These were the conditions at Cochrane Pond Road this morning. Look closely and you can barely make out 3 large plovers near the grass line. The fog had a way of making the birds look very big. It looked like turkeys on the horizon.
With time, the birds began to move closer to the road. It was a good thing, too, because I was getting distracted by the flock of about 50 Yellow-rumped Warblers that lined the road when I drove in.
When the plovers came closer, it was easy to identify the American Golden Plovers. There were actually traces of the golden brown feathers showing. The dark cap on the head was another factor.
This is the closest, as far as it was, as I have ever been to this species. I guess that is why I spent the whole morning in the area.
I was still struggling to get good looks at these and the small bird that I identified as a Semipalmated Sandpiper, the 10 Wilson's Snipe and about 10 Semipalmated Plover. It was in the midst of that when a flock of crows moved in and in their gregarious way flushed the plovers. I thought for sure I was seeing a mixed flock of Black-bellied Plover and Golden Plover, but once they were in the air, it was clear - they were all American Golden Plover. I took several shots while they were in the air and the highest count in one picture was 65.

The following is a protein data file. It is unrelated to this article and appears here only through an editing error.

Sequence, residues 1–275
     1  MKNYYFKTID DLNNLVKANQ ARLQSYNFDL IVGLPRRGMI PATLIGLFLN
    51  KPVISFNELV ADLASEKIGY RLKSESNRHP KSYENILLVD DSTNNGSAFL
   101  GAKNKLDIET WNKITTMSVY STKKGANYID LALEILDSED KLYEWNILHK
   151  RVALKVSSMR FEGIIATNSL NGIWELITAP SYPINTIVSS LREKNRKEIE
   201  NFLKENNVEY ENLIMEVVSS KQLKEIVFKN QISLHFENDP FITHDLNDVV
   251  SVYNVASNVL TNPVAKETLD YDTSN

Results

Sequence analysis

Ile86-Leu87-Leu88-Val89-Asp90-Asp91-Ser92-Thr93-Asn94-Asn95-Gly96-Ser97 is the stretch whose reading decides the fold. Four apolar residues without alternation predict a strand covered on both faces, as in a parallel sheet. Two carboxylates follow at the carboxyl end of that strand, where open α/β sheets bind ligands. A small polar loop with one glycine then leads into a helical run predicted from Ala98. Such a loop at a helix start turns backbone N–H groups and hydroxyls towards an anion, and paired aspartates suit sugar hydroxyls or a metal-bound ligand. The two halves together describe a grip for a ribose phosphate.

Initially, I thought there were about 25. As they circled the field, more and more joined the group until at least 65 were spinning around. Not one black armpit among them. I did find one bird in this picture that is clearly not a plover. I sent it to Dave Brown to ask for his help on an ID. Will let you know when I find out. The above picture has one bird that may or may not be a Golden Plover. I have drawn an arrow to the odd bird in both shots.
Last, but not least is a shot of one of the many snipe in the field. Getting really good looks at shorebirds is next to impossible without a scope. Be sure to click on the image to enlarge the photos.